A major new study of walking, wheeling and cycling in the Liverpool City Region has shown that 69% of people support low traffic neighbourhoods.
The first Walking and Cycling Index for the Liverpool City Region, published by Sustrans in partnership with the Liverpool City Region Combined Authority, is one of 17 reports released today as part of the largest assessment of walking, wheeling and cycling in cities and regions in the UK.
The findings are being released just one week ahead of the Liverpool City Region’s first Active Travel Summit, which will bring together activists and experts to discuss the future of walking and cycling in the region.
The Index, formerly known as Bike Life, includes an independent survey of 1,297 residents aged 16 or above in the Liverpool City Region, as well as updates on local walking and cycling developments. Interviews were carried out during summer 2021 following the lifting of Covid travel restrictions.
The report showed that walking and cycling prevents 3,552 long term health conditions and saves 51,000 tonnes of greenhouse gases in the Liverpool City Region.
The report shows significant support for all measures that help more people walk, wheel and cycle their regular journeys.
Nearly three-quarters of respondents say wider pavements (73%) and more frequent road crossings with reduced wait times (74%) would encourage them to walk or wheel more, while 84% agree more parks, green spaces near to their homes would help.
While only 5% of people cycle their regular journeys, there is huge potential for cycling as a form of transport if conditions were safer and easier for everyone – only 38% of people think cycle safety is good on their streets.
Almost a third of people (30%) of people say they don’t currently cycle but would like to. This rises to 45% of ethnic minority groups and 31% of disabled people.
Proximity of local services and amenities also prevents people walking and wheeling, as only just over half of respondents (53%) agreed they could easily get to many places they need to visit without having to drive and 82% wanting to see more everyday shops and services close to where they live.
Steve Rotheram, Mayor of the Liverpool City Region, said, “We’re investing millions into active travel infrastructure to make getting around our city region safer and easier than ever before. The £16m we’ve injected into our walking and cycling network will better connect these routes to the rest of our transport network – making travelling across the Liverpool City Region faster and more reliable.
“It’s a massive part of my ambition to build a London-style transport system in our region that makes getting around as cheap, quick, green and reliable as possible. I want to provide people with a genuine alternative to the car that doesn’t just take them from A to B – but that benefits their health – and our environment – too.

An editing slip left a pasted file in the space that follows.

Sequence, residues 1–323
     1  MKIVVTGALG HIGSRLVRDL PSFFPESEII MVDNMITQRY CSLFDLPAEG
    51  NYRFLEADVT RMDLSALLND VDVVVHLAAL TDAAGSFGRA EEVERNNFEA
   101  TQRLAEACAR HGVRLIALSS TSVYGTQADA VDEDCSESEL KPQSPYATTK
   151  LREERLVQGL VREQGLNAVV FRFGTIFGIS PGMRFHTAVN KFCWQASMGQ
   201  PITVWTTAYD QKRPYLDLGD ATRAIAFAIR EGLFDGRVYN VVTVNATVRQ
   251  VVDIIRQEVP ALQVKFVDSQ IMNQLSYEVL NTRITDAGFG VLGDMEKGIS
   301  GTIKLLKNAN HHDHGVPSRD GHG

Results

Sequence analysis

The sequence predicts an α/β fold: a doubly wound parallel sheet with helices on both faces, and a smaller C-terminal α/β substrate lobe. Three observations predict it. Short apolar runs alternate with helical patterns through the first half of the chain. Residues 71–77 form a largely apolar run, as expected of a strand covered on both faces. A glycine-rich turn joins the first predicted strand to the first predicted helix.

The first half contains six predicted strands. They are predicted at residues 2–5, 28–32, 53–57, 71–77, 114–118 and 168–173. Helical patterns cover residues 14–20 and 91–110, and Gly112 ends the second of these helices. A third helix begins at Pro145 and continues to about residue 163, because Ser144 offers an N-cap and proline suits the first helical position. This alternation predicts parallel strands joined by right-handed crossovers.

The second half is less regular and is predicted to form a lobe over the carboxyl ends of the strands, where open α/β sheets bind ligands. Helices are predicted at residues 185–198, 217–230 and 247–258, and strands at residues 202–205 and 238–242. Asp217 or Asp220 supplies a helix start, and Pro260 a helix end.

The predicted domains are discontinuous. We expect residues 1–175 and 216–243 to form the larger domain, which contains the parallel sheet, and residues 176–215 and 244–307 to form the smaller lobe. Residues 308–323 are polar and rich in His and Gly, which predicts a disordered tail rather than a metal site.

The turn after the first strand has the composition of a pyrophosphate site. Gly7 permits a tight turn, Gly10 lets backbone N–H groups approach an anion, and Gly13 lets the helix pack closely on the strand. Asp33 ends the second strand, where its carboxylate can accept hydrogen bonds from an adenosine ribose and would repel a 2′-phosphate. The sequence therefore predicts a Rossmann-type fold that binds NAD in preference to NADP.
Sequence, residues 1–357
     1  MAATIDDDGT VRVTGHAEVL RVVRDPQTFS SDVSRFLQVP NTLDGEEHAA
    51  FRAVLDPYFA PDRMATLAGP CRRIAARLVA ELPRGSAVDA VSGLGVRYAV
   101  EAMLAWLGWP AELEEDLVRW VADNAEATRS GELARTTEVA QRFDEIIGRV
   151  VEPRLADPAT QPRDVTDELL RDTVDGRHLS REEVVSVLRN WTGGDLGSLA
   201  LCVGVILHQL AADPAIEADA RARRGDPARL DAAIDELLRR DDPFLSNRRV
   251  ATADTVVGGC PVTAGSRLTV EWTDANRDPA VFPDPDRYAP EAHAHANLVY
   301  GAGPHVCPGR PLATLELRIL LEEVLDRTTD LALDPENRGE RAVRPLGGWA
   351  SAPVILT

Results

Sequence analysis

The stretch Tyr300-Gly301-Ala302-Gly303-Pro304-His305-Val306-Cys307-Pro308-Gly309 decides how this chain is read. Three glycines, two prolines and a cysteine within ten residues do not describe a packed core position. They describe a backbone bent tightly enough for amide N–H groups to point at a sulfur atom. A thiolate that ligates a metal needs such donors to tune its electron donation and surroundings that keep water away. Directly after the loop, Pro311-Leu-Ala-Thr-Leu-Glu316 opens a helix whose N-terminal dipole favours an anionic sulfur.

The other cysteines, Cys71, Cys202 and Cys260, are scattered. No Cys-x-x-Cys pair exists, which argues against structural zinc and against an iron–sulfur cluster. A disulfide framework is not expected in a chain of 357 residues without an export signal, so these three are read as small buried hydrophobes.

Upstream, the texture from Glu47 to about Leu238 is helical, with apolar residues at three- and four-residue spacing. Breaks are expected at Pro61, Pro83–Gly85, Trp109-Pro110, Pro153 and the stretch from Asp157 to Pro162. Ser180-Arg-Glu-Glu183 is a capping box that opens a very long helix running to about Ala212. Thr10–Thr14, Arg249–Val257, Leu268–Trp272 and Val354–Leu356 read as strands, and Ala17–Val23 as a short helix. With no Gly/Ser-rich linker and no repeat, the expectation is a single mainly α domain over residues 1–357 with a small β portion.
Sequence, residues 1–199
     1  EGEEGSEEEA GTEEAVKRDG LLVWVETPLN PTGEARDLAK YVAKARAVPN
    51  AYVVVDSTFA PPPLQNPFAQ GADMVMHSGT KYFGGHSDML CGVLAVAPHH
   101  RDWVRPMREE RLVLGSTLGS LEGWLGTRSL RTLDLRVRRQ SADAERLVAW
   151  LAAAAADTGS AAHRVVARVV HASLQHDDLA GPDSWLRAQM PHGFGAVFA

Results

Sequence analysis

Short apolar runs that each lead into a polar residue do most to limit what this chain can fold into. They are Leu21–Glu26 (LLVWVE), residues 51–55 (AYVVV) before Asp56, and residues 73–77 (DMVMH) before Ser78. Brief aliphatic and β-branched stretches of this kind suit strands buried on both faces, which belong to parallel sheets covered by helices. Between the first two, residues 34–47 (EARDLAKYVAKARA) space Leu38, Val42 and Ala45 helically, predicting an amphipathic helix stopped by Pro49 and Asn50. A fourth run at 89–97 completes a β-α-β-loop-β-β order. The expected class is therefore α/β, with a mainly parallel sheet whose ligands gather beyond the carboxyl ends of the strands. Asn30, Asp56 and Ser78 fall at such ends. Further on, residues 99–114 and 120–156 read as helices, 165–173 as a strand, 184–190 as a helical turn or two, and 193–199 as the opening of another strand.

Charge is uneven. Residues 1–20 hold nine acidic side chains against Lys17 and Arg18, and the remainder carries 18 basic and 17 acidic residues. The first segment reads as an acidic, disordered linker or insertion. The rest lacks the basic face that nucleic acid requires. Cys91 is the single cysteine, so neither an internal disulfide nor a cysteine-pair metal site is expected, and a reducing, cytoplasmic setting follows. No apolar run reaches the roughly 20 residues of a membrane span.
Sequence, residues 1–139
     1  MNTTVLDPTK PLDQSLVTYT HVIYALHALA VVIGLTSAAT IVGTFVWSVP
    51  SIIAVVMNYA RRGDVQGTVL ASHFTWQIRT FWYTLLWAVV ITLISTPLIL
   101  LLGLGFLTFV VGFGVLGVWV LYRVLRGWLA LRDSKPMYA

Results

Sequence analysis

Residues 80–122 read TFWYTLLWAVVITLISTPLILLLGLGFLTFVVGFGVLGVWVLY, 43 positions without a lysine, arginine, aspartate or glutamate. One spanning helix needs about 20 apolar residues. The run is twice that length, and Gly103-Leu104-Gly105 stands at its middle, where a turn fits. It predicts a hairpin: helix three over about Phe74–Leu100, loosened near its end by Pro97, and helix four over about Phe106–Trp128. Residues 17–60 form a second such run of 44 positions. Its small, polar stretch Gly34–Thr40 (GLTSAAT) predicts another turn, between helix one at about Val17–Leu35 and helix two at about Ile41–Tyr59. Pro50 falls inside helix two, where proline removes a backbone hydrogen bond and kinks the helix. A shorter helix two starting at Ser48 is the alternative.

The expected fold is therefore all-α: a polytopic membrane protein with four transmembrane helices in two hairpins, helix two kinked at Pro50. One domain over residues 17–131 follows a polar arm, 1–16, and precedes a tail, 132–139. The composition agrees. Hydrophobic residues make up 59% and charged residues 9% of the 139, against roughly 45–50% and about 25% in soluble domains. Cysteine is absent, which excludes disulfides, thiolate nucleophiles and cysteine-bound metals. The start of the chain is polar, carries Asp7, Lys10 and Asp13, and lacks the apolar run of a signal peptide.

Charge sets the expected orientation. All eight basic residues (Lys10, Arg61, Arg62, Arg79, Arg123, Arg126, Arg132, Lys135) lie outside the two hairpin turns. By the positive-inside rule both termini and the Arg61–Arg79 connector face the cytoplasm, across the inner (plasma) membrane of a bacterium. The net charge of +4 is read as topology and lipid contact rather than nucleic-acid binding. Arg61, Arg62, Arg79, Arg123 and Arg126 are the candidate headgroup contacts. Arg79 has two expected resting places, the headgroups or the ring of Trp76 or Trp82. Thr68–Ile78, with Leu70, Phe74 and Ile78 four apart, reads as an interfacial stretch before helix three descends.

“The better we can encourage people to walk or cycle, the more we can cut congestion on our roads – which is vital if we’re to reach our target to be net zero by 2040 – at least a decade before national government targets. It’s a bold ambition – but I believe if anywhere is capable of achieving it, then it’s the Liverpool City Region.”
Rosslyn Colderley, Director of Sustrans for the North of England, said, “The evidence is clear – walking, wheeling and cycling are the most popular forms of urban transport in Liverpool City Region, but many more groups of people could benefit if conditions were improved. Walking and wheeling have significant benefits for our health and economy and there is huge untapped potential to help more residents choose these healthier, more environmentally-friendly forms of transport.
“Residents overwhelmingly support measures to help more people walk, wheel or cycle their journeys. They welcome developments in active travel throughout the region and are keen to invest more public funds to make it more widely accessible for everyone.
“People want to see safer streets with less traffic. They don’t want outdated and unmaintained pavements, crossing points that make walking and wheeling unsafe or inaccessible, and vehicles parked on pavements getting in their way.”
Simon O’Brien, Cycling and Walking Commissioner for the Liverpool City Region, said, “The importance of this report cannot be overstated. Building on the foundations of the last Bike Life report, it tells us not only are there are lots of people in the Liverpool City Region who want to walk and cycle more but also that they back our approach to building new routes, reducing car traffic and bringing down carbon emissions.
“If we are to truly take on the enormous challenges of the climate emergency, a public health crisis, air pollution, congestion, mental health and overall quality of life we have to work hard and at serious pace to make taking journeys by bike or on foot safer and more convenient – and this document shows us that local residents are behind us.”
The results also showed that men are more than twice as likely (22%) than women (10%) to cycle at least once a week, while less women think cycling safety is good (36%) in comparison to men (41%). Only 18% of households are within 125m of a cycle route typically considered to be safer, such as protected cycle tracks or traffic-free cycle routes.
Sustrans research included more than 23,000 people in the UK as part of the biennial Walking and Cycling Index. Data from 17 cities and areas across England, Scotland, Wales and Northern Ireland is representative of a total population of nearly 12 million people.
Image: Matt Seymour